05:21 This means you can actually use the frozenset as a key in a dictionary.

05:31 Attempting to do the same thing with a regular set will result in an error.

05:38 Sets are mutable, mutable things aren’t hashable, and so you get a TypeError when you try to create that dictionary. In addition to supporting sets and frozensets, Python also supports multisets. A multiset is a set that doesn’t have the unique item restriction.

05:57 This is sometimes also known as a bag. So, what good is a set that doesn’t have the unique item restriction? Isn’t that just a list? Well, it’s a little more complicated than that. The unique items are still there, but a counter is kept as to how many times something has been inserted, so you get, sort of, the best of both worlds of a list and a set.

06:17 Most implementations of a bag allow you to see the items as if they’re a set as well as the associated counts. The implementation of the multiset in Python is inside of the collections library in an object called Counter.

06:33 To use a Counter, you need to import it from the collections library.

06:41 Now I’ll create an empty Counter inside of an object named inventory.

06:48 I modify the contents of inventory by passing in a dictionary.

07:00 The keys in the dictionary indicate the things in the set and the values in the dictionary indicate how many of each there are. I’ve created a Counter that has three 'bread' items and one 'sword'.

07:15 I can call .update() again with a new dictionary,

07:25 and you can see the cumulative effect. There’s one more stored than there was before and a new item called 'apple' has been inserted. As I mentioned, counters aren’t quite lists and they aren’t quite sets—they’re sort of halfway in between. Calling the len() method on the Counter actually returns how many unique items there are.

07:48 This returns 3 in this case, for 'bread', 'sword', and 'apple'regardless of how many pieces of bread, how many swords, or how many apples you have. Similar to a dictionary, the Counter object supports a .values() method.

08:01 This returns an iterator whose contents is the counts of each one of the items inside of the Counter. For the inventory item, that would return 3, 2, and 1.

08:14 By taking this iterator and passing it into the sum() function you can get the total number of items in the bag.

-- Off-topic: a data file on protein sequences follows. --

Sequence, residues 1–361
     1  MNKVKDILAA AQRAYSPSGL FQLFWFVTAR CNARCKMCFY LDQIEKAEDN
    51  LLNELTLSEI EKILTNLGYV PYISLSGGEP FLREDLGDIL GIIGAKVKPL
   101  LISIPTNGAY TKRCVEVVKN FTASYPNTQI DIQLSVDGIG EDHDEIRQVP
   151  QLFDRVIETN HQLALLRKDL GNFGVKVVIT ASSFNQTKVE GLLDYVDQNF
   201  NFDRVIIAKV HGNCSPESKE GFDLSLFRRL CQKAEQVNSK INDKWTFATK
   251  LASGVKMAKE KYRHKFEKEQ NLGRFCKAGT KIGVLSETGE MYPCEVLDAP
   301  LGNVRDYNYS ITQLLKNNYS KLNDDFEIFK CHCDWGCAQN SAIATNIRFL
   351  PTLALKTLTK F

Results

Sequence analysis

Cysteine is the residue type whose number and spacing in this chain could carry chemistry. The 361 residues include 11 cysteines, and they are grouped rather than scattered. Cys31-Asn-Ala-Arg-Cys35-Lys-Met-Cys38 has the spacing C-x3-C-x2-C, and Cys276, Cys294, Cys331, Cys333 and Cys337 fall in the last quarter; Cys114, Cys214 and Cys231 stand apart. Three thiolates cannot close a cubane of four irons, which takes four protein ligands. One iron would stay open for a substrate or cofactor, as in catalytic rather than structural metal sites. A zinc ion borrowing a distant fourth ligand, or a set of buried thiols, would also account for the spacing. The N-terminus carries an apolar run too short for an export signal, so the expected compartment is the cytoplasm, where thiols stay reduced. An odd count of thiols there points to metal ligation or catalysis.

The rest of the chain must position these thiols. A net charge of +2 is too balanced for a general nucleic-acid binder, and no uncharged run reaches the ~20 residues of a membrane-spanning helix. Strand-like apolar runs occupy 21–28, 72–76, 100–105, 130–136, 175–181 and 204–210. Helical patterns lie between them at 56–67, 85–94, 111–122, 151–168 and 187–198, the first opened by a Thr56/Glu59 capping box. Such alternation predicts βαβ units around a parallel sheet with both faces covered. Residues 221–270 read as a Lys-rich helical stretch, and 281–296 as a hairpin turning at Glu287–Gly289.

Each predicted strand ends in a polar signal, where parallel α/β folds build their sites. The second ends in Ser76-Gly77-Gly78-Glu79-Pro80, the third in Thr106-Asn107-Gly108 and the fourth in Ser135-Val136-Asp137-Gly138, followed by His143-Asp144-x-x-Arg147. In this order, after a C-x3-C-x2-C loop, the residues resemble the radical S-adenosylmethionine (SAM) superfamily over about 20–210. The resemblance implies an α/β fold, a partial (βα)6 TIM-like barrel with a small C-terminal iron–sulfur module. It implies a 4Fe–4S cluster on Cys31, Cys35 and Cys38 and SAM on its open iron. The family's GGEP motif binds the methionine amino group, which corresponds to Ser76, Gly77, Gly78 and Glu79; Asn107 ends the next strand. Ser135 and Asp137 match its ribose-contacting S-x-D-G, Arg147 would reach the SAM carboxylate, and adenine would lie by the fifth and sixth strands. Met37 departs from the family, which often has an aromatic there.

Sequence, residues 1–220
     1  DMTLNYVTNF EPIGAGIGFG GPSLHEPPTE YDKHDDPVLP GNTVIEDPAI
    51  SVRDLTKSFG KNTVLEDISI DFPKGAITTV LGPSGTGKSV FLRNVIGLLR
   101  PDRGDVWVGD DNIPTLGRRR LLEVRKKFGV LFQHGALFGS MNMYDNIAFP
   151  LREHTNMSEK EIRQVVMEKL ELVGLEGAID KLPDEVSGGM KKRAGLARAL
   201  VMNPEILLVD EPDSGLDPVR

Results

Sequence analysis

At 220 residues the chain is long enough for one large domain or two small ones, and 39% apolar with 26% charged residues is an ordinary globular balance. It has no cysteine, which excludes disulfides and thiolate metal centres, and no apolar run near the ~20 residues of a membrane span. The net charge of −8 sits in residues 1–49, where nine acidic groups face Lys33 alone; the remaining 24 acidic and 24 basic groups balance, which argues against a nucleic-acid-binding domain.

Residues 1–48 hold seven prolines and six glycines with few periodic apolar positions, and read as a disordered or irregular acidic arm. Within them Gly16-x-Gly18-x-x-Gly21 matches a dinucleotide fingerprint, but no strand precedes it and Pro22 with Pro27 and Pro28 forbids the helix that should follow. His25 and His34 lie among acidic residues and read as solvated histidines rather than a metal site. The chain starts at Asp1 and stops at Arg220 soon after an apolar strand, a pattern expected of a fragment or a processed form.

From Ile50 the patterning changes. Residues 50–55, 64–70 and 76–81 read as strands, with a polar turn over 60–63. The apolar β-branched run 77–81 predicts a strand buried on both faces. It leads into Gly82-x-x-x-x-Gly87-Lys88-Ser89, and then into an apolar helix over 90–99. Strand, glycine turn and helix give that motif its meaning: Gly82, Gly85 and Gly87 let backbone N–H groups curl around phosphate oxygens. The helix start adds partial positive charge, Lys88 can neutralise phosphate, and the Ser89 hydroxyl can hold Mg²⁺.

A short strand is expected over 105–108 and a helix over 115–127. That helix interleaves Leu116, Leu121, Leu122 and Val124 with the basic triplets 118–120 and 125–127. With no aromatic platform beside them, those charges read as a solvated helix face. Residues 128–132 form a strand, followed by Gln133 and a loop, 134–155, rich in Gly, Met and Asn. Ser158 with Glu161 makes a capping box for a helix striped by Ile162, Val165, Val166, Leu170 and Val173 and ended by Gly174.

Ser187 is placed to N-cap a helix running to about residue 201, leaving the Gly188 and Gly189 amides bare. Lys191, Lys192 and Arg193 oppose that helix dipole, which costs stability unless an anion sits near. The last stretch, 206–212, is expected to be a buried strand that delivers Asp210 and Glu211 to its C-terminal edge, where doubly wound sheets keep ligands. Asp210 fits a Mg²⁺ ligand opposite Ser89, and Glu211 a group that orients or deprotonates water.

08:24 Three pieces of bread, plus two swords, plus one apple gives you a total of 6. Choosing between the set data structures is pretty simple. If you need mutable, use set. If you need immutable, use a frozenset.

08:40 If you need a multiset, use Counter. Nothing more complicated than that. You can dig into sets a little more by looking at the Python documentation.

08:50 Here’s the link for set types, which gives information on both sets and frozensets. And here’s the link to the Counter object inside of the collections library.

09:01 Thanks for your time! I hope you found this course useful.

Avatar image for Alain Rouleau

Alain Rouleau on March 28, 2021

Really enjoyed the whole concept of a multiset or a so-called bag, thanks. You know, creating a “Counter” object from the “collections” module. Very interesting and something that could actually be useful.

I like not only the idea of a set but how many do I actually have of each? Think of baseball or hockey cards. Not only how many sets do I have but how many cards of each baseball or hockey player do I have in total.

Very powerful!

Avatar image for jackdev

jackdev on April 24, 2021

Great course! I’d realised I’d been overcomplicating the data structures in my head and it was making me constantly second-guess myself when designing my hobby projects (not understanding when to move things into classes etc.).

Knowing that applications are “just” data and functions, and data is boiled down into collection-types or record-types made things much simpler. Can just start small with mutable/immutable and scale up from there as needed. Already making a ton more progress on my projects.

Awesome job on this course.

Avatar image for Christopher Trudeau

Christopher Trudeau RP Team on April 24, 2021

I’m glad you enjoyed it. I’ve been coding for a long time, and I started out with fairly structured languages and always thought that was the only way to do things. I was a big fan of setters/getters and private members, protecting the programmer who was using my stuff from the internal workings.

Coming to python was an adjustment. After a while I realized it was a lot of extra effort for very little gain. Who was I protecting? The python idea of using a convention like leading underscores to warn someone but otherwise it was up to them whether to touch it or not was a bit of revelation.

Looking back now, I’m sure a younger me would be baffled by how often I just use dictionaries nowadays. Simplicity if often a lot harder to do that complexity, but frequently worth the extra effort.

Happy coding!